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  • Writer's pictureBishop Mesrop Parsamyan

La La Love

La La Land

As a beautiful tribute to the golden age of American musicals, La La Land is full of charm, even when it languishes a little. The music is lovely; the production design is colorful and sensuously appealing. Remarkably interpreted by a couple of extraordinary talent (Ryan Gosling and Emma Stone in particular) who give their characters more depth and emotion than is on the paper, this film succeeds in not being mere entertainment.

Indeed, it distracts and enchants, yet evokes several themes throughout its narrative. Although it is not always coherent, at least it is done with finesse.

A major theme is that of identity: in a song at the beginning, Mia tells her desire to “find” herself. What is more important: the opinion of others or the conviction that moves us internally?

The focus of the film is the agony of two struggling artists pursuing their dreams in “La La Land” — that place where “they worship everything, and they value nothing.” (i.e. Hollywood)

Mia is an aspiring actress struggling through disappointing auditions for small parts in TV shows and mediocre dramas. Sebastian is a jazz pianist who dreams of opening his own club, though he currently pays the bills playing Christmas carols in a restaurant.

The Constant rejection, the distressing feeling of going nowhere, are those moments of private anxiety when you ask yourself: Did I make the wrong choice? Am I any good at this? And then you just lift yourself up and continue on fighting and to do the thing you love.

La La Land is also the portrait of a contemporary couple, in which the desire to pursue her dream, his career, can put at risk an authentic relationship. But how beautiful it is to see that the loving trust of another can help us to overcome our hardship and anxieties and lead us to give the best of ourselves, to reach the unreachable stars!

The screenwriter wanted to avoid a romantic ending and be “modern” by emphasizing that to achieve a successful career, while maintaining a solid couple relationship is almost impossible in our world.

La La Land

What saddens us at the end is that Mia had the opportunity to choose otherwise. At the farewell on the bench overlooking the city, we feel that Sebastian hopes that she will finally fill the vacuity of her desire to live an artistic dream and that she will be happy to build something with him. Though, he feels that she should arrive at this decision deep down in her heart.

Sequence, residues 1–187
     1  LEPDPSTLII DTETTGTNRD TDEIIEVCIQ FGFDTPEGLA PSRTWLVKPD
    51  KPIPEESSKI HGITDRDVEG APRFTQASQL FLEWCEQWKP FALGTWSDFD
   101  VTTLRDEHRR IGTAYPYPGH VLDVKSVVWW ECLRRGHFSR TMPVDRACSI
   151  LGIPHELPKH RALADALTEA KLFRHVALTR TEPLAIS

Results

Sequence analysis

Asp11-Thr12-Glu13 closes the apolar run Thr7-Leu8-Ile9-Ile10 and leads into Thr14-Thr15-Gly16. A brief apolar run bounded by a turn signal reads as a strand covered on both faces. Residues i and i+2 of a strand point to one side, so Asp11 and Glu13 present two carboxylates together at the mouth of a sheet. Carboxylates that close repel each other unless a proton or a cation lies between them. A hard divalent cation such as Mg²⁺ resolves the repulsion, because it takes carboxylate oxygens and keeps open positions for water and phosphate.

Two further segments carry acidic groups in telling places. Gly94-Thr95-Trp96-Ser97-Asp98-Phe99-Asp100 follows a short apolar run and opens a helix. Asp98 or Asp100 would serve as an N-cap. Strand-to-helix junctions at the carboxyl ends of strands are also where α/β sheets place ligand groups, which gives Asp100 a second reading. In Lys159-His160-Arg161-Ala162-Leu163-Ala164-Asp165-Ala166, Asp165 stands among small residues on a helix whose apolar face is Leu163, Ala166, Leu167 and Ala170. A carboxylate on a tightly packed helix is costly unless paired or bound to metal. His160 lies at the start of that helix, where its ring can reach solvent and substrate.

Their love was authantic in that each one believed in the other more than himself. Somehow, Mia will only realize this by listening to Sebastian playing at the end, when she becomes aware of the irreversibility of the fundamental choices in life. The last smile exchanged between Sebastian and Mia does not completely erase the disappointment we experience deep within ourselves that another end was possible.

Reflecting on what genuine love is and what threatens it, La La Land helps to ask right questions and also imaginative questions of a contemporary couple.

"Does eternal love exist? Is it possible to love someone your whole life?”

From a human point of view, the eternal love seems impossible. In our century where everything is replaced and thrown without any hesitation; where the smartphones and the computers have an average duration of three years; where we are told that during our lifetime we’ll each take up at least three different professions; where friends are rarely cherished for always and where the commitments succeed one other and are not alike -- we are inclined to believe that it will be the same with love.

Surely the love will encounter the same fate, becoming a "La La Love," if we rely solely on our own understanding and capabilities, living and loving without God!

Is not God the One who believes in us even more than we believe in ourselves? Is not God the One who teaches us how to love?

It is not because we want to love that we know how to love. It is God who reveals to us what real love is: “This is real love — not that we loved God, but that He loved us.” (1 John 4:10)

If we want to know what real love is, we must know the Love Himself (1 John 4:8); know Him not in the purely intellectual way but experience with heart, intelligence, will and sensibility. Hence the great and foremost commandment: "Love the Lord your God with all your heart and with all your soul and with all your strength and with all your mind" (Luke 10:27) and you will know how to love others!

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